Glutamine and glutamate flux greatly impact cell viable in CR cells
To determine that CR cells indeed rely more on OXMET and not glucose, we investigated whether glutaminolysis is essential for CR cells to survive. We first compared cell viability of parental vs. CR cells in glutamine-free media. As shown in Figure 3A, glutamine withdrawals were able to inhibit growth and have a detrimental effect on all CR cell lines. The switch of glutamine from being a nonessential amino acid to an essential amino acid in CR cells was not an artifact of in vitro culture since glutamine deprivation only had the profound effect toward CR cells, but not in parental cells.
Figure 3: CR lung cancer cell lines depended more on glutamine. (A) Effect of glutamine withdrawal on the viability of lung cancer cells. NSCLC-CR cells cannot survive without glutamine after 3 days (Mean SD of three experiments; average *p < 0.01, average **p < 0.05). (B) Glutamine uptake was determined in parental vs CR cells using L-[G-3H] glutamine. CR cells uptake higher rate of glutamine (*P < 0.035; NS = not significant). (C) Relative mRNA levels of glutaminase; Total RNAs extracted from these cells were reverse-transcribed and subsequently used as template for real-time quantitative PCR. Actin was used as internal control. The results shown in the graph were calculated with the ΔΔCt method by setting the glutaminase mRNA level of parental cells as 1 (*p < 0.03; NS = not significant). (D) CR cells possessed lower concentration of intracellular glutamate levels (*P < 0.05; parental vs CR). (E) Glutamate secretion assay; CR cells released significantly higher amount of glutamate (Mean SD of three experiments; *P < 0.02, NS = not significant).
Moreover, CR cells took up higher amounts of glutamine especially in non-small cell lung cancer (NSCLC) which took up twice as much L-[G-3H] glutamine when compared to its parental counterpart (Figure 3B). Using qRTPCR to assay glutaminase (GLS), an enzyme that catalyzes the hydrolysis of glutamine to glutamate, we have found that the levels were higher in NSCLC but not in small cell lung cancer (SCLC) cells that were resistant to cisplatin (Figure 3C). We then investigated whether there were any differential sensitivity to GLS inhibitor (BPTES) seen in these CR cells compared to parental cells. Interestingly, our data showed that CR cells were slightly but not significantly sensitive to BPTES (Supplementary Figure 3). We then assayed for intracellular glutamate levels using amino acid analyzer and found that CR cells do not possess higher levels of glutamate inside the cells (Figure 3D). Conversely, we discovered that glutamate secretions were higher in CR cells’ media and much higher in cisplatin resistant non-small cell lung cancer (NSCLC-CR) compared to cisplatin resistant small cell lung cancer (SCLC-CR) (Figure 3E).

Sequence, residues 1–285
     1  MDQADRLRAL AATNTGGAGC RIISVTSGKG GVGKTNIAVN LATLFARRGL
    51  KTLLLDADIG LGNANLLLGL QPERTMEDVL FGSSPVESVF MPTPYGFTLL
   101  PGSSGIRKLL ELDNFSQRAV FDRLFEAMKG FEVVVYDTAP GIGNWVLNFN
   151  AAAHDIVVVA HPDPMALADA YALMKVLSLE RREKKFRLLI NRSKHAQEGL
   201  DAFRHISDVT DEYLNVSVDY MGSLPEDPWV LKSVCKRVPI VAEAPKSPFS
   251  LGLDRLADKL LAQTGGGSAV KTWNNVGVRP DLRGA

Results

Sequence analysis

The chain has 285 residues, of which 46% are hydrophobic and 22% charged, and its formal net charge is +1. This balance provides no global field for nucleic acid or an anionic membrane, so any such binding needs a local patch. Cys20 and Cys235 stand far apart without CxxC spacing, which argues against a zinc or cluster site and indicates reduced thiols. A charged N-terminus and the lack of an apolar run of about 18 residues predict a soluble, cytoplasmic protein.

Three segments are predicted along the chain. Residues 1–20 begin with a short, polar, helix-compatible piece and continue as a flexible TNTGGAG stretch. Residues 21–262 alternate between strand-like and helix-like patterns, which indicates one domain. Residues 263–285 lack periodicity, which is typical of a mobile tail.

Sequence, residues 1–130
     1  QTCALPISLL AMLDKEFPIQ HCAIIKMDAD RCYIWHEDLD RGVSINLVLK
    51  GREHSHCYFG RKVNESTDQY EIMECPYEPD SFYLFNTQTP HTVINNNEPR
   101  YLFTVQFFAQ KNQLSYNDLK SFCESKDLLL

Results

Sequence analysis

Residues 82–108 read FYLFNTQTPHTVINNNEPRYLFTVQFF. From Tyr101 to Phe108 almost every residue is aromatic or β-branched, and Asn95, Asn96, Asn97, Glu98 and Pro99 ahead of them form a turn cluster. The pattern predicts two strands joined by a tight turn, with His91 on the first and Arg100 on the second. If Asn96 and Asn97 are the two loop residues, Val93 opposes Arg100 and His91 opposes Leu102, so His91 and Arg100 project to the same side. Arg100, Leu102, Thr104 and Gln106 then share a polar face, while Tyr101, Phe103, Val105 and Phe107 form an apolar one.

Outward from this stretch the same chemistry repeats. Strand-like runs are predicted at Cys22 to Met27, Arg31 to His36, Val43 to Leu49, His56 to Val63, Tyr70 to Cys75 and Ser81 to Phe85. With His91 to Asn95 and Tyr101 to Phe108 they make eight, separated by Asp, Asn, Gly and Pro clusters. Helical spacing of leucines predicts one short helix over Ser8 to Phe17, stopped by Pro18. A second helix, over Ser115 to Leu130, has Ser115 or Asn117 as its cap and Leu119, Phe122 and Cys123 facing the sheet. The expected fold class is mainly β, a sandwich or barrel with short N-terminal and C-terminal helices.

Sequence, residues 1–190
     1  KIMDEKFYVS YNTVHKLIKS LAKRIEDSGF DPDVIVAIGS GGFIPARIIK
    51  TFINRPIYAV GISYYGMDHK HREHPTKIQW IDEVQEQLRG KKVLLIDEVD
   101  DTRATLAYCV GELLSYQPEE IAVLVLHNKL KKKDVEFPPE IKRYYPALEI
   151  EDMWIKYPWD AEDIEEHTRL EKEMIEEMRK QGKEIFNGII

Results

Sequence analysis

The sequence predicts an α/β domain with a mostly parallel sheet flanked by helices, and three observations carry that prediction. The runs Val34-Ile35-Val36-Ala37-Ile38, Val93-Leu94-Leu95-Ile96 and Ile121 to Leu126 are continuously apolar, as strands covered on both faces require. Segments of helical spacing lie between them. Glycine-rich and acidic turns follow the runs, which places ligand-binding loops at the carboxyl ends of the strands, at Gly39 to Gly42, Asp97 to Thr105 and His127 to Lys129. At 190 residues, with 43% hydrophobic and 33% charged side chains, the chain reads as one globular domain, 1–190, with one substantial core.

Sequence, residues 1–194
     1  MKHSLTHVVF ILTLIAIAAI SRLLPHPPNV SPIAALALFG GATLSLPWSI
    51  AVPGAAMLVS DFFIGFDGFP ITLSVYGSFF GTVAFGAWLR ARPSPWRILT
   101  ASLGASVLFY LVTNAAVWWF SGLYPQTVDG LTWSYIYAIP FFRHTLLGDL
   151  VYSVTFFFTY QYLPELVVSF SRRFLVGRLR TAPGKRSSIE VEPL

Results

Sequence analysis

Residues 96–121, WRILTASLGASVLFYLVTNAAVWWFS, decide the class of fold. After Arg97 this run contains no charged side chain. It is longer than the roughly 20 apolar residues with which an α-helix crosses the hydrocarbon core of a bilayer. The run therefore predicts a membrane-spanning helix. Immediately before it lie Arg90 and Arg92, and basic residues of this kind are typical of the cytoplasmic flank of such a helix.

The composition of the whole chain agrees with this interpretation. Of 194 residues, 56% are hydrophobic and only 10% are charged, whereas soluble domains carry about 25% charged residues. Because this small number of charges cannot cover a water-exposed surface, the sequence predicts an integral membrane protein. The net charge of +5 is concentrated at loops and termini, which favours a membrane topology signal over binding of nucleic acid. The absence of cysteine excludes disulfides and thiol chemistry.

Here, we reported the dynamics of glutamine and glutamate flux in CR cells. Higher glutamine uptake rates in CR cells also lead to increased levels of glutamate release which may possibly be metabolically exploited. However, in SCLC, it appeared that the flux of glutamine uptake as well as glutamate release were not significant when compared to NSCLC. Only marginally increased in glutamine/glutamate were observed. In addition, the levels of glutaminase levels were also lower in SCLC-CR compared to parental cells. Overall, it appeared that the glutamine/glutamate axis may not be a major amino acids utilizing source in SCLC. We therefore will focus on NSCLC cells herein.
Exploiting glutamate efflux in cisplatin resistant non-small cell lung cancer (NSCLC-CR) cells using riluzole
Since our data suggest that glutamine/glutamate was the major source of energy in NSCLC-CR, disrupting this pathway may result in metabolic catastrophe which in turn leads to cell death. To investigate this possibility, we studied the possible antitumor activity of the FDA approved drug (riluzole) which is a potent inhibitor of glutamate secretion [14, 16, 17]. Riluzole interferes with system xCT/cystine/glutamate pump which results in decreasing glutathione (GSH) levels inside the cells (see Figure Diagram). It has been shown that CD44 has a role in cellular response to oxidative stress [18, 19]. Here, we showed that CR cells, which possess higher basal levels of ROS, expressed higher levels of xCT and CD44 proteins (Figure 4A). Importantly, CR cells were very sensitive to riluzole treatment with significant lower ID50 dosage when compared to parental cell counterparts (Figure 4B and Supplementary Figure 4A; p < 0.03). ROS levels were increased significantly in CR cells after riluzole treatment (Figure 4C; P < 0.02). Simultaneously, total GSH concentrations were decreased within 24 h and further reduced at 48 h only in CR cells after treatment (Figure 4D). Since riluzole is known to inhibits glutamate efflux [20, 21], we assayed for glutamate release before and after riluzole treatment. Riluzole indeed was able to inhibit glutamate release in both parental and more significantly in CR cells (Figure 4E; p < 0.05).
Figure Diagram: Cisplatin resistant (CR) cells consume more oxygen and possess higher basal levels of ROS. CR cells are no longer depend on glycolysis but instead reliant on oxidative metabolism. Riluzole heightens ROS by further suppressing LDHA and NAD+. Riluzole also interferes with xCT antiporter which brings in cystine in-exchange for transporting out glutamate. Inhibit this pump results in reducing glutathione (GSH) levels inside the cells. (HK2: hexokinase-2, LDHA: lactate dehydrogenase-A, GLS: glutaminase, NMNAT2: nicotinamide mononucleotide adenylyltransferase-2, OCR: oxygen consumption rate, SSZ: sulfasalazine)